In this letter, we report the antireflection and light absorption enhancement by forming sub-wavelength nano-patterned Si structures via nano-sphere lithography technique. It is found that the surface reflection can be significantly suppressed in a wide spectral range (400-1000 nm) and the weighted mean reflection is less than 5%. Meanwhile, the broad band optical absorption enhancement is achieved consequently. Heterojunction solar cells are prepared by depositing ultrathin amorphous Si film on the nano-patterned Si structures, the short circuit current density increases to 37.2 mA/cm2 and the power conversion efficiency is obviously improved compared to the reference cell on flat Si substrate.
© 2011 OSA
Si plays an important role in today’s solar cells due to its abundant in the earth’s crust and the mature fabrication process. Due to the high index (3.4) of crystalline Si (c-Si), the incident light is reflected at the front surface which induces the efficiency loss [1–4]. Therefore, antireflection techniques, such as wet-etching process and the antireflection coatings, have been used to reduce the reflection loss in order to improve the cell performance. However, the chemical wet etching techniques are difficult to apply for the next generation solar cells with ultrathin Si wafer (~100 μm or less) [5–7]. It is desired to develop new techniques to reduce surface reflection and enhance the absorption of the thin films.
So far, several approaches have been proposed to have an efficient light management, in which, semiconductor nanostructures have attracted much attention since they can increase the effective absorption path of the incident light [4,8–10]. For example, S. J. Jang et al. reported the antireflection behaviors of porous Si nano-columnar structures with graded refractive index layers and the 7.5% reflectivity was obtained . The light-trapping of Si nano-wires were also studied and 96% peak absorption was achieved . J. Zhu et al. fabricated amorphous Si nano-cones by using SiO2 nanospheres and reported the optical absorption enhancement effect due to the suppressed refection . In our previous work, we used modified nano-sphere lithography technique to get sub-wavelength periodically patterned Si structures. The nano-sphere lithography technique is a low-cost, simple process and the shape and size of the pattern can be easily modulated by selecting the appropriate size of the sphere and etching conditions . The depth-dependent antireflection has been reported and the enhanced photo- and electro-luminescence characteristics have been observed [12,13].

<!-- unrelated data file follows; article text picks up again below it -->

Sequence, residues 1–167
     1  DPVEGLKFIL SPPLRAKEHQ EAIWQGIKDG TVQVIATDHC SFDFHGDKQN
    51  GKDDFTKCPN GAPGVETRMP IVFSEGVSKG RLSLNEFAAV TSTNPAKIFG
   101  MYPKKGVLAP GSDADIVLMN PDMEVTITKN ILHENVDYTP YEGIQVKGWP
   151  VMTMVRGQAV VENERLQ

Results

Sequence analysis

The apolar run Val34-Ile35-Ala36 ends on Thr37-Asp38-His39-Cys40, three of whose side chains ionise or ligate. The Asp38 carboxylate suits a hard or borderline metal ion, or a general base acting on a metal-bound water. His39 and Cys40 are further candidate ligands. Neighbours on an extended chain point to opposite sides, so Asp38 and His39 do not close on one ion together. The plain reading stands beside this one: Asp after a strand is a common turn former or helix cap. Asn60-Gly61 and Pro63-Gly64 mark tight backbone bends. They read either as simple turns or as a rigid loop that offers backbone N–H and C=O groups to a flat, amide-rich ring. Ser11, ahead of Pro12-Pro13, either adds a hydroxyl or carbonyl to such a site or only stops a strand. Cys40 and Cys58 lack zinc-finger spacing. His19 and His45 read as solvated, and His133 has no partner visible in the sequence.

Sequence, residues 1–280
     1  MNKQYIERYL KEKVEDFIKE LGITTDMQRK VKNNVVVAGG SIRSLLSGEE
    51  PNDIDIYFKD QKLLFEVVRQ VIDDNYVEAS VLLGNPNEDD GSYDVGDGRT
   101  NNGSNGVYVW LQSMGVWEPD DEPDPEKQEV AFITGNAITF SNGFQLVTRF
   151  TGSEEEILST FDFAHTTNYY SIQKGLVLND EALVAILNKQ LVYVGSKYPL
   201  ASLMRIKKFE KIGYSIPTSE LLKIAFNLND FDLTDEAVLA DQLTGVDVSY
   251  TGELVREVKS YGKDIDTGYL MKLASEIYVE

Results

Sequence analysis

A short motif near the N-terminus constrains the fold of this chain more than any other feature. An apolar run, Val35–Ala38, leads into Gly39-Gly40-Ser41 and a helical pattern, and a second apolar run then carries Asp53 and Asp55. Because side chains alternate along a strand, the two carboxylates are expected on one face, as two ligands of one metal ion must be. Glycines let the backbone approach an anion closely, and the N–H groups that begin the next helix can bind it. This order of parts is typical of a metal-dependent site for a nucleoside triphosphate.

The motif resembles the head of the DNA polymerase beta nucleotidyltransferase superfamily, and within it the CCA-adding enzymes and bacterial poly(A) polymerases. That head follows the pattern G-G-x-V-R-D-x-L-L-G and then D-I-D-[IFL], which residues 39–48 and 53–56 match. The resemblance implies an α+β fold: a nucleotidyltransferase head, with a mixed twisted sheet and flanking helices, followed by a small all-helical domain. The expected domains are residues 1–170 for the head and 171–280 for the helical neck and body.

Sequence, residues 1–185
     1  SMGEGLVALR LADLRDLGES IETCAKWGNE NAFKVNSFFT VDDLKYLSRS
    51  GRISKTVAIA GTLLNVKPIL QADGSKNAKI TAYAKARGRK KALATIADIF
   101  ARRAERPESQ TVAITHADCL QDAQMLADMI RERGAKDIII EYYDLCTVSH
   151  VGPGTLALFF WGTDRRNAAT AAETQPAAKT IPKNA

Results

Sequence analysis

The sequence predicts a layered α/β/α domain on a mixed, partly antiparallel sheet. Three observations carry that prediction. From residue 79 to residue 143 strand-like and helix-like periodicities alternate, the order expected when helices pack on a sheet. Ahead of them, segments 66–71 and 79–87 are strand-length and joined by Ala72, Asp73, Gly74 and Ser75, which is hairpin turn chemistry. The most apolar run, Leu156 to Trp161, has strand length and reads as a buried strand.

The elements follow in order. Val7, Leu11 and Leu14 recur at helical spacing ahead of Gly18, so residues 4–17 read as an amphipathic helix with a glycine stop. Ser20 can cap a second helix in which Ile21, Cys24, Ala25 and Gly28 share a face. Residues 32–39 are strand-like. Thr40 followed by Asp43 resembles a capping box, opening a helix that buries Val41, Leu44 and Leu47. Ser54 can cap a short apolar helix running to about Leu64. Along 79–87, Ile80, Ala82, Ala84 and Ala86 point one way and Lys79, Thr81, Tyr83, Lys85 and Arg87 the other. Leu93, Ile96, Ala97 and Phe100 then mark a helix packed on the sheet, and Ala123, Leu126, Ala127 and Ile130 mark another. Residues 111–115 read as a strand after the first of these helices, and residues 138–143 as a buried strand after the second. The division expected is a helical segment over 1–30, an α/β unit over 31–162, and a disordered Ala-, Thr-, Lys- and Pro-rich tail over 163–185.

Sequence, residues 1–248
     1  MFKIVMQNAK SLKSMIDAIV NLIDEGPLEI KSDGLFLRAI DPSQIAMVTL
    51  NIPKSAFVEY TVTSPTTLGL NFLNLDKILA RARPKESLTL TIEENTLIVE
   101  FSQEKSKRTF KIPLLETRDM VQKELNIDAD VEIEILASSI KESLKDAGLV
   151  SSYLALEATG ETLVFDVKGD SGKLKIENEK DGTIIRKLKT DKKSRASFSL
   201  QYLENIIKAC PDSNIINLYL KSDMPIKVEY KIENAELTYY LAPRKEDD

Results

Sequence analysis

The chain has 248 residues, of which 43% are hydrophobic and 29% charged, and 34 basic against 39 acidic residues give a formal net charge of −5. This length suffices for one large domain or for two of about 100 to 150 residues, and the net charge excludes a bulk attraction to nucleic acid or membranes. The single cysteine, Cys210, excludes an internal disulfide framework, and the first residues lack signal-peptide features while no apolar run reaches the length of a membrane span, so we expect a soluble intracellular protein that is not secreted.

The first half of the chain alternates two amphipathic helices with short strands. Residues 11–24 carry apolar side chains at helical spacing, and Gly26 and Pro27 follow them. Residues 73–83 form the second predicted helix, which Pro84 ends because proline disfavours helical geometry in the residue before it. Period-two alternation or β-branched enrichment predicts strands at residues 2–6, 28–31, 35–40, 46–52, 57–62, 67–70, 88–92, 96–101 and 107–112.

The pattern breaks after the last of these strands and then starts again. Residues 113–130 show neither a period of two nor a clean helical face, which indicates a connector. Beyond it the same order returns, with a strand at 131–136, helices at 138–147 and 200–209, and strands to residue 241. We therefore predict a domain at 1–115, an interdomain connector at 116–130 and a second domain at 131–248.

In this letter, we report the formation of nano-patterned Si structures by using polystyrene nanosphere lithography method. The reflection can be suppressed to less than 10% and the optical absorption exceeds 90% in a wide spectral range (400-1000 nm) for nano-patterned samples. Moreover, by depositing amorphous Si (a-Si) on the nano-patterned Si substrate to obtain a-Si/c-Si heterojunction solar cells, the short circuit current and power conversion efficiency are obviously increased compared to that of reference sample on flat Si wafer.
The periodically patterned Si nanostructures were prepared on (100) p-type Si wafer with the resistance of 1.5-3 Ω·cm. A monolayer of polystyrene (PS) nanospheres with a diameter of 220 nm was coated on the Si wafer by self-assembly technique. This monolayer of PS nanospheres acted as a mask and the surface of Si wafer was etched in conventional reaction ion etching (RIE) system. During the etching process, the flow meter of CF4 gas is 30 sccm and the r.f. power is about 20 W. The etching depth can be controlled by the etching time as revealed in our previous work . After RIE process, PS nanospheres were then removed in tetrahydrofuran (THF) solution. The surface morphology was characterized by atomic force microscopy and cross-sectional transmission electron microscopy [12,13]. The reflection and transmission spectra were measured by using Shimadzu UV-3600 spectrometer.
The test cell device was prepared by successively depositing ultrathin intrinsic and n-type amorphous Si (a-Si) film (total thickness ~20 nm) on the nano-patterned Si substrate in conventional plasma enhanced chemical vapor deposition (PECVD, 13.56 MHz) system. Subsequently, transparent indium tin oxide (ITO) was sputtered on the front surface and Al electrode was evaporated as back contact. The reference cell was simultaneously prepared on the flat Si wafer. Figure 1(a) shows the schematic diagram of the cross-sectional structure of nano-patterned solar cells. The cell area is about 0.28 cm2. Figure 1(b) is cross-sectional TEM image of etched Si substrate which shows the nano-cone shape. The lateral size of nano-cone is about 220 nm which is in well agreement with the diameter of PS nanosphere. The depth is about 148 nm after 12 min etching. The depth can be controlled by changing the etching time as revealed in our previous work . Figure 1(c) is the SEM micrograph of nano-patterned sample after deposition of intrinsic and P-doped amorphous Si films. It is shown that the sample keeps the sub-wavelength periodic structures of the substrate after the film deposition due to the conformal deposition process in CVD system .